One Member of Parliament (MP) represents each constituency or electoral area in the UK, serving in the House of Commons, the Scottish Parliament, the Welsh Assembly or the European Parliament. MPs are elected by members of the public in each constituency. Most candidates for election are nominated by a political party although it is possible to stand as an independent.
MPs represent their constituency's interests in parliament when new laws or issues are debated, and reflect the views and policies of the party to which they belong. This involves attending meetings and speaking during debates, raising questions and researching issues of concern at local and national level. Many MPs are also members of committees that scrutinise governmental departments, amend and draft new legislation, or those looking at specific issues such as the environment or parliamentary reform. An MP whose political party is in power could hold a government post.
An MP represents their constituency for the duration of the parliament. This is a maximum of five years, although parliament can be dissolved at any time and a new election called. The MP could then stand for re-election.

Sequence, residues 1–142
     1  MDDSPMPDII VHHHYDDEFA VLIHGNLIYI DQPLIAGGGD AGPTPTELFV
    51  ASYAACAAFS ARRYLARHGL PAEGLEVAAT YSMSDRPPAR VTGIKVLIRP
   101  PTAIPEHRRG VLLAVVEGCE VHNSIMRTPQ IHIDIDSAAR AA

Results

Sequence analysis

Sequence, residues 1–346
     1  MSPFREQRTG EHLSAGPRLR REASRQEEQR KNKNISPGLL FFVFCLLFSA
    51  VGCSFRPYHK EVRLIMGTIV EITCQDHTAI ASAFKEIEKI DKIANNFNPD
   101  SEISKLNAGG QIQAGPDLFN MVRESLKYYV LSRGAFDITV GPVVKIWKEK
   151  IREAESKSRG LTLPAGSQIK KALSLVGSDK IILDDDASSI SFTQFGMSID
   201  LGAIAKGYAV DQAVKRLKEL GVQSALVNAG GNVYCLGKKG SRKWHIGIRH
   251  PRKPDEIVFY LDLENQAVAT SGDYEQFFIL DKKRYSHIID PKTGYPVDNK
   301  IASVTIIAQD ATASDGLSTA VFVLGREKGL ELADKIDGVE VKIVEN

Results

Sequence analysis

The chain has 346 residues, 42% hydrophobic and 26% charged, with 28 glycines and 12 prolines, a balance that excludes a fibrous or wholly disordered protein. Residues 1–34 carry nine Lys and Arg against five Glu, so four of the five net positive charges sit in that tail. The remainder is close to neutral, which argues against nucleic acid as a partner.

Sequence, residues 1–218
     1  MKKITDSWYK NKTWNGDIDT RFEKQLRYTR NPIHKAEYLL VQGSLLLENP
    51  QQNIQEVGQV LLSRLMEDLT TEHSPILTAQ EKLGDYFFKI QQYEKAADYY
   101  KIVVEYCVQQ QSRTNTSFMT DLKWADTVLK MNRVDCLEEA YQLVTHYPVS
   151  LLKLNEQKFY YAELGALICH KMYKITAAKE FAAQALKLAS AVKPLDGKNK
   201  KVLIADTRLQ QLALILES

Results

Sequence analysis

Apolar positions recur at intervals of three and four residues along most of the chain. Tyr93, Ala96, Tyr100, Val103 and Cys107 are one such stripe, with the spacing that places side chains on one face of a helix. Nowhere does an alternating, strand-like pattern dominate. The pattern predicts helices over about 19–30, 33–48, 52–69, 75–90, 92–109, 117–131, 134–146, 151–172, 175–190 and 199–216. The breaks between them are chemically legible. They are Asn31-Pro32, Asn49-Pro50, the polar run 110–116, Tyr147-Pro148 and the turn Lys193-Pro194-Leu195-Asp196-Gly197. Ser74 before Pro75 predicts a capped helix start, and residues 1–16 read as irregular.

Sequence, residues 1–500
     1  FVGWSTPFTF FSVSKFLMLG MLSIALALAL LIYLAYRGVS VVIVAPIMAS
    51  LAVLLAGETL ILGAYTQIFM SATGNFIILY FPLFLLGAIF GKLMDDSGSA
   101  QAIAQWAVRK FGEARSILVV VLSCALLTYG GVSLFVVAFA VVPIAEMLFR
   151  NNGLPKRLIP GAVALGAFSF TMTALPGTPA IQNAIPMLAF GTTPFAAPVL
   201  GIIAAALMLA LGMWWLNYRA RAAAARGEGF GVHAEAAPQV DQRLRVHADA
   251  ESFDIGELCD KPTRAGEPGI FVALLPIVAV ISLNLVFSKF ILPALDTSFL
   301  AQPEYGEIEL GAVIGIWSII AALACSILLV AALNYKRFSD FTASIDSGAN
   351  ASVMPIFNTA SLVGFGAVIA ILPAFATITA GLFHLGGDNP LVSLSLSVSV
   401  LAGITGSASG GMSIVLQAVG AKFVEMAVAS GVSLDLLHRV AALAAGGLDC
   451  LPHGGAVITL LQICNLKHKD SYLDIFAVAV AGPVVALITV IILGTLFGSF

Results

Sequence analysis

One day a week is usually spent in the home constituency, holding surgeries and advice sessions to address local issues and concerns. Other frequent duties include attendance and speaking at conferences, social functions and charity events, touring local businesses and organisations, and being interviewed by the media.
MPs often work more than 100 hours a week, including evenings and weekends, with parliamentary debates sometimes continuing into the night.
They are based in offices at their respective parliament and in their constituency. It is usual for MPs to live near parliament during the week and travel to their constituency at weekends. There is a great deal of travel, including overseas.
To be an MP you should:
There are 659 MPs at Westminster, 129 Members of the Scottish Parliament (MSPs) in Edinburgh, 60 members of the National Assembly for Wales in Cardiff, and 78 British Members of the European Parliament (MEPs) based in Brussels and Strasbourg.
Promotion prospects are limited. An MP whose party is in power could secure governmental posts, ranking from junior minister to minister and then cabinet minister. Opposition parties have positions as spokespersons on government departments.
In spite of the job being full-time, some MPs manage to maintain an additional job.
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